Friday, August 22, 2014

Program Mode -What is it?

Program Vs. Auto - IN THREE PARTS

When I teach this is the most asked question. What is the difference between all of the modes on my camera. Well every camera is different, but they all have different modes. And most have an Auto mode and a P or Program mode. Often the auto mode is a green rectangle or a green camera on the dial where Program is simply a capital "P".

Where/What is the P mode and the Auto mode on my camera?  Okay so see below - on the newer cameras you can see these modes and all your other pertinent info on the back of the screen (if you dont see it press the Q or display button on your Canon or Nikon) Or this info is on the dial. See below the auto mode is displayed differently but in all cases below is the green area - little camera, or rectangle with an A in it? That's your auto mode - and the P - right next to it or almost next to it is program.

Now what is the difference in these two? Not a whole lot, but sooo much! Okay loaded question, loaded answer. Auto, or as I call it when I teach "idiot mode" (which is not meant to be offensive, it is merely meant to indicate that you don't have to make any decisions and really are not allowed to make any choices in that mode) Is the green rectangle or camera or word Auto. It does everything for you - you literally point and shoot. Everything is automatic. Now in P or Program, you have some control. Not the kind of control you have in the other modes - (M, A, and S) but some. You are able to control 3 things-

Exposure compensation.

Okay terrific now do you know what those three things are?

Lets discuss.

ISO is short for International Standards Organization – the main governing body that standardizes sensitivity ratings for camera sensors. It’s a a term that was carried over from film. When you change your ISO setting, you’re adjusting your camera’s sensitivity to light. ISO settings can be anywhere from 24 to 6,400 (or higher), and these numbers have a direct relationship with the device’s sensitivity, so a lower setting makes it less sensitive and a high setting makes it more so.  ISO is one of the three factors that determine your picture’s exposure. Finding the right balance between these three settings is key to getting the perfect shot.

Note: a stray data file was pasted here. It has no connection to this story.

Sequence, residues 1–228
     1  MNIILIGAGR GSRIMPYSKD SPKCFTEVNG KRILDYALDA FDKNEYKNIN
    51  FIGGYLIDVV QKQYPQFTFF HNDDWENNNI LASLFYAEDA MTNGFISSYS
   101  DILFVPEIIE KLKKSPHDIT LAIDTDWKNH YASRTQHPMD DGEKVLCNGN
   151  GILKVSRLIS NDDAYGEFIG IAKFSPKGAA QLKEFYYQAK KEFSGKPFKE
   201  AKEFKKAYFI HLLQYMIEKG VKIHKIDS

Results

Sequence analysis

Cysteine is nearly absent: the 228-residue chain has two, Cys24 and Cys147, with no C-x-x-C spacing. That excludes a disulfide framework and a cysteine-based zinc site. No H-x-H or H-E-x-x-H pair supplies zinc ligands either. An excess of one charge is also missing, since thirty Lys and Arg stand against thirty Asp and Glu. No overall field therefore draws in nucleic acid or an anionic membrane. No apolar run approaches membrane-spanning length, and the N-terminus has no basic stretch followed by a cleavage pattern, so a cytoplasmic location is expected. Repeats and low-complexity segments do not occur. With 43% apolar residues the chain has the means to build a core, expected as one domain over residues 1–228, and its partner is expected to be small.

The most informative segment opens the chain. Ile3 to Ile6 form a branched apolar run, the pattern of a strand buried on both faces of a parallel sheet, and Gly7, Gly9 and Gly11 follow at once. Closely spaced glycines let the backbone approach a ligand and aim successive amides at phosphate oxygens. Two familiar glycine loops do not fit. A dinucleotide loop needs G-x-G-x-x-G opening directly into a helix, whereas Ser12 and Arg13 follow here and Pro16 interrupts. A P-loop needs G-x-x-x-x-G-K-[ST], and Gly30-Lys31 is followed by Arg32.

Finding the right ISO setting

First of all, you should know that a higher ISO typically translates to a noisy or “grainy” image, so as a general rule you want to use the lowest setting possible for your photos. Check out the picture below to see the difference it can make. 
A lower ISO will usually produce more color-accurate, aesthetically pleasing images, but there are situations where a higher ISO is desirable. The proper ISO setting really depends on the level of lighting you’re shooting in and the visual effect you’re going for, so rather than relying on one over-arching rule, consult this list of tips:
  • If your subject is moving and you’re trying freeze the motion for a still, you’ll likely need a higher ISO setting to compensate for the high shutter speed and ensure your image gets enough light
  • If you’re going for more of a vintage aesthetic and want to add a little bit of grain to your photos, don’t be afraid to bump up the ISO a few notches
  • If you’re using a tripod to stabilize your camera you can usually get away with a slower shutter speed, which in turn allows you to use a lower ISO 
  • If you’re shooting an image that doesn’t require a large depth-of-field, you can increase the camera’s aperture (thus allowing more light into the lens) and use a lower ISO
  • If you’re shooting with artificial light (i.e., using a flash) you can typically get away with a lower ISO setting
You’ll probably need to experiment a bit until you hit the sweet spot, but while you tinker with settings, keep the following in mind: 
  • Never trust your camera’s display. Don’t assume that your picture will turn out just because the tiny 2-inch preview looks adequate. Your shots almost always look different on your computer, and you probably won’t be able to spot noise on your camera’s small, low-resolution display. For this reason, we highly recommend that you zoom in a bit to check your images for grain. There’s nothing worse than taking a bunch of seemingly great shots only to discover they’re noisy and speckled when you upload them to your PC.
Speaking of display - where do we find the iso settings? Below we have both Nikon and Canon screens pictured.  In most situations, you can change the ISO in three places - on the screen on the back of the camera - the shooting screen if you have one, the menu in the interior of the camera, and the ISO shortcut key (found on the back of your canon camera) 

In part two we will talk about Flash!

Let me know if you want to inquire about private lessons or the like. Sometimes this stuff is easier to learn one on one and hands on.

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